# How to find the interval $[a,b]$ on which fixed-point iteration will converge of a given function $f(x)$?

Theorem 1
If $g \in [a,b]$ and $g(x) \in [a,b] \forall x \in [a,b]$, then $g$ has a fixed point in $[a,b].$
If in addition, $g'(x)$ exists on $(a,b)$ and a positive constant $k < 1$ exists with $$|g'(x)| \leq k, \text{ for all } \in (a, b)$$ then the fixed point in $[a,b] is unique. Fixed-point Theorem Let$g \in C[a,b]$be such that$g(x) \in [a,b]$, for all$x$in$[a,b]$. Suppose, in addition, that$g'$exists on$(a,b)$and that a constant$0 < k < 1$exists with $$|g'(x)| \leq k, \text{ for all } x \in (a, b)$$ Then, for any number$p_0$in$[a,b]$, the sequence defined by $$p_n = g(p_{n-1}), n \geq 1$$ converges to the unique fixed-point in$[a,b]$These are two theorems that I have learned, and I'm having a hard time with this problem: Given a function$f(x)$, how can we find the interval$[a,b]$on which fixed-point iteration will converge? Besides guess and check, I couldn't find any other way to solve this problem. I tried to link the above theorems, but it involves two variables, so I have a feeling it can't be solved algebraically. I wonder is there a general way to find the interval of convergence rather trial and error? Thank you. - Well, any interval stable by$f$and such that$|f'|\le k$on this interval with$k<1$(that is what the theorem tells you, no?). If$f(x)=(x+3/x)/2$for example,$f'(x)=(1-3/x^2)/2$hence any closed interval included in$(1,+\infty)$will do. – Did Oct 3 '11 at 7:32 Thank you. I will think over it. – Chan Oct 3 '11 at 7:36 In general, the "basin of convergence" for an iteration method like Newton-Raphson has a fractal boundary. See this for instance. – J. M. Oct 3 '11 at 14:06 @J.M: Thanks for the reference. – Chan Oct 4 '11 at 7:14 ## 2 Answers The iteration converges for any starting point in an interval stable by$f$and such that$|f'|\leqslant k$on this interval, with$k<1$(this is a mere rephrasing of the theorem). If$f(x)=(x+3/x)/2$for example,$f'(x)=(1-3/x^2)/2$hence any closed interval included in$(1,+\infty)$will do. - Your condition is sufficient but not necessary. In your example, the actual basin of attraction is$(0,\infty)$. – Robert Israel Oct 3 '11 at 18:18 Sure. The interval$(1,+\infty)$is the one the general theorem the OP is interested in provides. By the way, what you call my condition is hardly mine (as I indicate in my answer). – Did Oct 3 '11 at 18:42 Suppose the continuous function$f: {\mathbb R} \to {\mathbb R}$has an attracting fixed point$p$. Its immediate basin of attraction (i.e. the maximal interval$J$such that iteration of$f$starting at any point in$J$converges to$p$) must be an open interval$(a,b)$(infinite intervals allowed). If$a$is finite,$f(a)$must be either$a$or$b$, and similarly for$f(b)$. The possibilities are as follows: 1)$a = -\infty$,$b = \infty$2) One of$a$and$b$is a (non-attracting) fixed point, the other is infinite. 3) Both$a$and$b$are (non-attracting) fixed points. 4)$a$is a (non-attracting) fixed point and$f(b) = a$5)$b$is a (non-attracting) fixed point and$f(a) = b$6)$a$and$b$form a 2-cycle:$f(a) = b$,$f(b) = a$. To tell which case you are in, find the non-attracting fixed points of$f$, the points mapped to those, and the 2-cycles. Note that$(a,b)\$ can't contain any of those.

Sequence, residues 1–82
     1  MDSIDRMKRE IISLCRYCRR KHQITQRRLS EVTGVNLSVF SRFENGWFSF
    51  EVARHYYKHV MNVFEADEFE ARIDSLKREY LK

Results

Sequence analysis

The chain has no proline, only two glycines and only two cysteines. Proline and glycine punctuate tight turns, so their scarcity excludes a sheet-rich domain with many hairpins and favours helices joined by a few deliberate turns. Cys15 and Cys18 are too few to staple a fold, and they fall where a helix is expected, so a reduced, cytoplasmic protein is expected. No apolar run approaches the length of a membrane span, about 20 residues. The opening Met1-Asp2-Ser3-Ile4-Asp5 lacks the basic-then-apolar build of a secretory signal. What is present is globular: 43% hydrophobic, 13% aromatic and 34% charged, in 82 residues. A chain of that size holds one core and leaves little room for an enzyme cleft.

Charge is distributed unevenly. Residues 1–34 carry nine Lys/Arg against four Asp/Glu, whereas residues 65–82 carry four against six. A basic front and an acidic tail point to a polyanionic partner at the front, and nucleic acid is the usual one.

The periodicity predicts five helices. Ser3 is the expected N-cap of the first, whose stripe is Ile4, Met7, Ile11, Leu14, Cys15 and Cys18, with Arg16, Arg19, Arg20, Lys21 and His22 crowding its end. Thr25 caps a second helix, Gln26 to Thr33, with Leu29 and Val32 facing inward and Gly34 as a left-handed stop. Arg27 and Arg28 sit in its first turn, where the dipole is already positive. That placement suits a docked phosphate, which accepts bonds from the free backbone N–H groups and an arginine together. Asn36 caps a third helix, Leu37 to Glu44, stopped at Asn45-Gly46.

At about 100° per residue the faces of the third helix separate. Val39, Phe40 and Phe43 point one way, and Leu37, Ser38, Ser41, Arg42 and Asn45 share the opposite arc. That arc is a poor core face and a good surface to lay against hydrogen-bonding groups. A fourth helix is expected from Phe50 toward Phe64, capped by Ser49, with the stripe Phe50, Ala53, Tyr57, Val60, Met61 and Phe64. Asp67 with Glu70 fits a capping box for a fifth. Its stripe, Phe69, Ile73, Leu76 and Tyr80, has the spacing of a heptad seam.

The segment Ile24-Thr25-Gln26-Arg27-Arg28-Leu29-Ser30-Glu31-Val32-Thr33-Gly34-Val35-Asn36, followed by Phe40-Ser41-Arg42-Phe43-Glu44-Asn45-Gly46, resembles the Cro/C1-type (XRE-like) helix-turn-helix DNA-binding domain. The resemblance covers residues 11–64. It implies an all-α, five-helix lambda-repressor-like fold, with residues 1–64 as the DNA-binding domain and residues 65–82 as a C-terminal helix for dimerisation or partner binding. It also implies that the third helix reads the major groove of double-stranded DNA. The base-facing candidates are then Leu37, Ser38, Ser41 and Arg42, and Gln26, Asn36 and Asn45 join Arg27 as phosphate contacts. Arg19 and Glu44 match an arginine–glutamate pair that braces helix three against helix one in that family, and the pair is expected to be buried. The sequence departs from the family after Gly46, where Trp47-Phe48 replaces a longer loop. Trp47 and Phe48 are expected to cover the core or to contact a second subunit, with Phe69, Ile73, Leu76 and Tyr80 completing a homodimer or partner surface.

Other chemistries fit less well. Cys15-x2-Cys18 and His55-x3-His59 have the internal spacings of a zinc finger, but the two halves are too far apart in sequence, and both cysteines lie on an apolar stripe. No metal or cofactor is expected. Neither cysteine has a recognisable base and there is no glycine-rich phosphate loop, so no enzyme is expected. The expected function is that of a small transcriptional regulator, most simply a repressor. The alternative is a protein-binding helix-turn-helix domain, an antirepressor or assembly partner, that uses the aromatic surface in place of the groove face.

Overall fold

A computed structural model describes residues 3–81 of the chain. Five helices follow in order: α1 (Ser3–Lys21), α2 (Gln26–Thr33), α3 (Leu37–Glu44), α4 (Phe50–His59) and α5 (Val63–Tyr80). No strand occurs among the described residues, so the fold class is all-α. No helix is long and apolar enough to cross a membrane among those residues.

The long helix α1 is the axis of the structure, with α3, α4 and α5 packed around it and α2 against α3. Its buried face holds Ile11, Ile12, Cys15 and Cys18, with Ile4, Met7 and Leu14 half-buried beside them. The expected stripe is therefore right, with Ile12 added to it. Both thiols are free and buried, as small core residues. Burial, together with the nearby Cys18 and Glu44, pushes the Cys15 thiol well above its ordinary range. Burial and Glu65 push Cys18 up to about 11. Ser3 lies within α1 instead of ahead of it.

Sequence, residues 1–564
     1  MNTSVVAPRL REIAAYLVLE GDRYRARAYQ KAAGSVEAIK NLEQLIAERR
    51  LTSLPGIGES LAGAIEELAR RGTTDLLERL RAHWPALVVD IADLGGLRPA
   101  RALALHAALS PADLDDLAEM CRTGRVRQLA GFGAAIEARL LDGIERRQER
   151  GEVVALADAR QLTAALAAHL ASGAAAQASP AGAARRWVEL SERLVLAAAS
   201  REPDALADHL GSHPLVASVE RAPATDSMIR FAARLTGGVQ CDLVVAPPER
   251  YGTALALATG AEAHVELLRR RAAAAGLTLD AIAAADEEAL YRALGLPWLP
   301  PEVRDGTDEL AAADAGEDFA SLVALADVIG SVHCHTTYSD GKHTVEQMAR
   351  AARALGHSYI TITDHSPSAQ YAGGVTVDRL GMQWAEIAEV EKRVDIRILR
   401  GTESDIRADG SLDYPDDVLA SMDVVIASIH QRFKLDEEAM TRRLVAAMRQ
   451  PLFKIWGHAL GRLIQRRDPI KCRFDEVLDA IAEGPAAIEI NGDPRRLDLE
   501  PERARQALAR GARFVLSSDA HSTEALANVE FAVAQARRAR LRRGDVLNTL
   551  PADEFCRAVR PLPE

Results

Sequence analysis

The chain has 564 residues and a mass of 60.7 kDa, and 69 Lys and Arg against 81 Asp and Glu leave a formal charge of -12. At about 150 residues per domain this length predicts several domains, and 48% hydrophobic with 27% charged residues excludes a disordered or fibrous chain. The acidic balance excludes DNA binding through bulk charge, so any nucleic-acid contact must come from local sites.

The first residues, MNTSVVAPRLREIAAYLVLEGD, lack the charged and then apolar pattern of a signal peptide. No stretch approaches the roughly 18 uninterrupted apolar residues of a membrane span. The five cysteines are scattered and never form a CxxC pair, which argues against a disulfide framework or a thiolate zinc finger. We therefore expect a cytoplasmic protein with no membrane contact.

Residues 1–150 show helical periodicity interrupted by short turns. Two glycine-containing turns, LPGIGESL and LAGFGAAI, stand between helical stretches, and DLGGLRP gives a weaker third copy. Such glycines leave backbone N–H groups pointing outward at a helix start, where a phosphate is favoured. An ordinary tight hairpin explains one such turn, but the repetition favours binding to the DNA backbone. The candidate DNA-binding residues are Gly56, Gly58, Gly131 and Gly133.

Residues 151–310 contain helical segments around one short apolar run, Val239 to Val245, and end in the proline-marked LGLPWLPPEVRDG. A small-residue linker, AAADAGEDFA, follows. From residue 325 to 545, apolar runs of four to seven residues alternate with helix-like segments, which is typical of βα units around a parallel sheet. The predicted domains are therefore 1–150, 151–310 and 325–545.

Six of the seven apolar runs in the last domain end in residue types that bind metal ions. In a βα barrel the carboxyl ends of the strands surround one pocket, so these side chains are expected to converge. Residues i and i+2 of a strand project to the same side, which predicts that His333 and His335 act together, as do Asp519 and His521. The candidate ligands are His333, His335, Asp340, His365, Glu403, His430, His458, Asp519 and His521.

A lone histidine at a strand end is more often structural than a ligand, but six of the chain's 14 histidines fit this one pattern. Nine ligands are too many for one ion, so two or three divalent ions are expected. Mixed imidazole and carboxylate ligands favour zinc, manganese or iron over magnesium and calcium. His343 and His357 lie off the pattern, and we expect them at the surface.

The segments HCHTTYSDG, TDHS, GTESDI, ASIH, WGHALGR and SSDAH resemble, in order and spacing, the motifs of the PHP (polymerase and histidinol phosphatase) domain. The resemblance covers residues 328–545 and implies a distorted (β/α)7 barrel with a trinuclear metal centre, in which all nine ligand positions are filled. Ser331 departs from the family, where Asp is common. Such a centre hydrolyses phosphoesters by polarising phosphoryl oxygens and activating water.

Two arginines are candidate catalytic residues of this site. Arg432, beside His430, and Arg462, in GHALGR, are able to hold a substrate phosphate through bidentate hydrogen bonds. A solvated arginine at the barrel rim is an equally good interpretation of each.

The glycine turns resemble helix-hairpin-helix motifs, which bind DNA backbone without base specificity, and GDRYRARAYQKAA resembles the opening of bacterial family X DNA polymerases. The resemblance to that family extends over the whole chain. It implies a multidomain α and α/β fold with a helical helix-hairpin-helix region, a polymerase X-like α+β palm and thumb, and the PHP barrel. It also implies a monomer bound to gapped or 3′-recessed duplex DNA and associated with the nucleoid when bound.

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In what book can I find this precise theorem? Thanks. – lhf Sep 23 '15 at 12:40
As above, I want to know where I can reference this. – DDaren Sep 24 '15 at 10:22